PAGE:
Creating a calendar or date table in Power BI using built-in calendar functions
Learn how to create a basic date table in Power BI, using either the CALENDAR or CALENDARAUTO functions, and also learn how to then add custom columns of your own.

Posted by Sam Lowrie on 17 May 2019

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Creating a Power BI date table (calendar table)

Date tables are useful for most data models, and are compulsory for using time intelligence functions:

Power BI Date Calendar

An example of a basic date calendar with different granularities.

Creating a date calendar

Assuming you haven't created one in another programme, choose New Table from the Modelling tab:

Power BI Date Table

New Table assumes that you will use a function to create a table (such as a date table, or a summary table using aggregates).

There are two main functions for creating the date table. CALENDARAUTO()  extrapolates to the start of the first financial year in the model and to the end of the last:

Power BI Date Calendar

The optional argument FiscalYearEndMonth can change which month is the last in your financial year. The default is 12, meaning that December is the end of the year.

This creates a list of all the dates in yoru model, which should look like this:

Power BI List

I'd recommend naming the new column to anything but Date since this is a command word. Try Date Key or Reference Date.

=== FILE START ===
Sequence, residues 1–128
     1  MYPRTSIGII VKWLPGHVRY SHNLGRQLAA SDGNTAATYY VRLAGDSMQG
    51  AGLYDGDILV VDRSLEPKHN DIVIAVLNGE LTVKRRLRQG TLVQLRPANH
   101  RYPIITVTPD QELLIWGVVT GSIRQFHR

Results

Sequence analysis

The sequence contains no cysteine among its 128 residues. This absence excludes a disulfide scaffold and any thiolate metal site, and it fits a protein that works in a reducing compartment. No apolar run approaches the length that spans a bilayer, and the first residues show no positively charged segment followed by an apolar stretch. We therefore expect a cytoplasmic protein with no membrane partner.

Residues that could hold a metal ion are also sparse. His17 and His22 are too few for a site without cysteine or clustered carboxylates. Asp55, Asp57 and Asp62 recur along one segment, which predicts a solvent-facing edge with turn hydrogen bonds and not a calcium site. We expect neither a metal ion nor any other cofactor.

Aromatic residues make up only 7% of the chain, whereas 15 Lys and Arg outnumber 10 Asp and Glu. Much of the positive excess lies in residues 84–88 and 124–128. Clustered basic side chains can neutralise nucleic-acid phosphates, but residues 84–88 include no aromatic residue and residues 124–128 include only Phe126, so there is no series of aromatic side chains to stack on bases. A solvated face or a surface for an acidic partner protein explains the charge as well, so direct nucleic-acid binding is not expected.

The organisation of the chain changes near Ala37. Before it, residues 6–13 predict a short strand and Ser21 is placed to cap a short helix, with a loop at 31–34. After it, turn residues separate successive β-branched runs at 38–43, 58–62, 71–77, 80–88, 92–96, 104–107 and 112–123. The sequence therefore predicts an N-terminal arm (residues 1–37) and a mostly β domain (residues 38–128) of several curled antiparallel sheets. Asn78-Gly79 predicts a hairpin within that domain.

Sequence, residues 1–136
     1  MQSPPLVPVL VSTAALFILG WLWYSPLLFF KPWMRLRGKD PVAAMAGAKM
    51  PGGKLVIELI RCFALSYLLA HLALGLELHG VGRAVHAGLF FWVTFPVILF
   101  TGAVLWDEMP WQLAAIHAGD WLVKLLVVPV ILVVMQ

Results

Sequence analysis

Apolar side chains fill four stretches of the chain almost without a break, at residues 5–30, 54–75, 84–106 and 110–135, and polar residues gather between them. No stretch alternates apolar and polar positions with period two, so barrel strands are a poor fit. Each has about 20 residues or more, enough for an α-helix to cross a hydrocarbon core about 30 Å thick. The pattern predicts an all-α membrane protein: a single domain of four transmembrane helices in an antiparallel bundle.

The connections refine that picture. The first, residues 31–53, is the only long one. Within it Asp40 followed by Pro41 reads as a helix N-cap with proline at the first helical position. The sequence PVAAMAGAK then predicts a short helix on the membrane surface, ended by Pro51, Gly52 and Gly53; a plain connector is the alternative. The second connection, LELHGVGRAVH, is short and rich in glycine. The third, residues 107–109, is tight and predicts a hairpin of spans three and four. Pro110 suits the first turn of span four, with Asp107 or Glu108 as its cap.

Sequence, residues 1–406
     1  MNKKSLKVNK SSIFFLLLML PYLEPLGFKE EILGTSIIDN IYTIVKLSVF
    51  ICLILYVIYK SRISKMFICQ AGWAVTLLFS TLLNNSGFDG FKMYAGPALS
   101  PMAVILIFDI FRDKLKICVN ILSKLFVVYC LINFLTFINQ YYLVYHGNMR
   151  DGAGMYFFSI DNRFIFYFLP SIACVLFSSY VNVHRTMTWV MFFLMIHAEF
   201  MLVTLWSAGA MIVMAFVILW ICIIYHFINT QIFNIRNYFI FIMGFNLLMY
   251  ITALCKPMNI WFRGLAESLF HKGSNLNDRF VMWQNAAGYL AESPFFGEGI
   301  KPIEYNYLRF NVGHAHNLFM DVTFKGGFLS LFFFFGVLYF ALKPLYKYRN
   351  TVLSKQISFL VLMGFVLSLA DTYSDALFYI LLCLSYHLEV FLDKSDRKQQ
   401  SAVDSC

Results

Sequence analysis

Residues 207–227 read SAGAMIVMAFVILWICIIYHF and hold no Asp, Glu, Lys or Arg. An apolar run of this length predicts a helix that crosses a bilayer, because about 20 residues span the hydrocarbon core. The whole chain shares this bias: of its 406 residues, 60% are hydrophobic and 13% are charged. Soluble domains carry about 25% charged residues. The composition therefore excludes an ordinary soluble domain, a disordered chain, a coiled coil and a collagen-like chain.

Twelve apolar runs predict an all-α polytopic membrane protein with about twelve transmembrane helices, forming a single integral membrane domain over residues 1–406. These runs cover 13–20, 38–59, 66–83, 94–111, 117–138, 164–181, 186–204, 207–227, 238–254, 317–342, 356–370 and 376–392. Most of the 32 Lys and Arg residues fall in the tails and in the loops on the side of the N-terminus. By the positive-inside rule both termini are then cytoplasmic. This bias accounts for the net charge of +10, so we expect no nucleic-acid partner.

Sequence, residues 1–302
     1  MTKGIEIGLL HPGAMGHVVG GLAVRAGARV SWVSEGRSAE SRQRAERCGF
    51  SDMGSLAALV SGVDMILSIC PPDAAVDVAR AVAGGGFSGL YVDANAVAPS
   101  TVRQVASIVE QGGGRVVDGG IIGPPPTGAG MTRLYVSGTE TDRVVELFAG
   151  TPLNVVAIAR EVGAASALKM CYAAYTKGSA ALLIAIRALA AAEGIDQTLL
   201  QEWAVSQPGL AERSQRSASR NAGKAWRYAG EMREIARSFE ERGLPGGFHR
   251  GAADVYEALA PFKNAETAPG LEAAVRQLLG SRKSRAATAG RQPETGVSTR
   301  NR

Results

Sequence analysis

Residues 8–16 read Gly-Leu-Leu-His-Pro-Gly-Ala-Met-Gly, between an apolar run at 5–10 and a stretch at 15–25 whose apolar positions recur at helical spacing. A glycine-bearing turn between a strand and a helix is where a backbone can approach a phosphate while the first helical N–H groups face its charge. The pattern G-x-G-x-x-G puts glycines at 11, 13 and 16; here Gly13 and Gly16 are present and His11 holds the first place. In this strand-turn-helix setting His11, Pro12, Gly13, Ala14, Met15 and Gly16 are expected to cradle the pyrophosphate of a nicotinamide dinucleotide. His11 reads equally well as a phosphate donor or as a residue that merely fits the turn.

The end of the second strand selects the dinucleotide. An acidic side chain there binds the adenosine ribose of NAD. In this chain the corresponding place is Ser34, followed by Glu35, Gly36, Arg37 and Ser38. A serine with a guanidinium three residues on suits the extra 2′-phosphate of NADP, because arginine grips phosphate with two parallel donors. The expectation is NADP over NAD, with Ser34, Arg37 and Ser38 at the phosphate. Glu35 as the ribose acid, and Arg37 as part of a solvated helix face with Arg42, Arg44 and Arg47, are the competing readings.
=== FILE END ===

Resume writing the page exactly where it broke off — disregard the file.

The drawback of this function is that it doesn't contain any future dates, which could hinder calculations including forecasting. As an alternative, you could use the CALENDAR() function:

Power BI Calendar Date Table

Indicate the earliest date and latest date you will need and Power BI will create a list of all the dates in between. Using the month name avoids the risk of American dates.

Adding columns to a calendar

Now to add all the columns that we might need into the table. First up, add the names of the weekdays:

Power BI Weekday Date Calendar

FORMAT can be used (as for Excel custom dates) to extract parts of the date. In this case DDDD returns the weekday (DDD would return the shortened weekday).

While there are functions for YEAR, MONTH, DAY and others, it isn't necessary to use them. Add a new column equal to the Date Key:

Power BI Date Table

When referencing a date column a drop down appears with the available parts to extract, such as the Date from a date/time column or MonthNo to show 1 instead of January.

Repeat this action for all the options available apart from Quarter, to get something like this:

Power BI Date Parts

You can now reference these columns in calculated columns, measures, and in visuals (including slicers).

Setting custom quarters

Missing from the above list is the quarter for each given date, due to there being a problem with the value returned:

Power BI Quarter Date Calendar

The Quarter is based by default on a year that starts with January, but what happens if your year starts in April?

Rather than use a complicated SWITCH function, a quicker way to proceed is to create the column using this code:

Power BI Date Calendar Quarter

Interestingly despite giving the start of the year within CalendarAuto, no calculations take this into account by default.

To create more advanced date calendars check out this blog, or for custom date periods this one.

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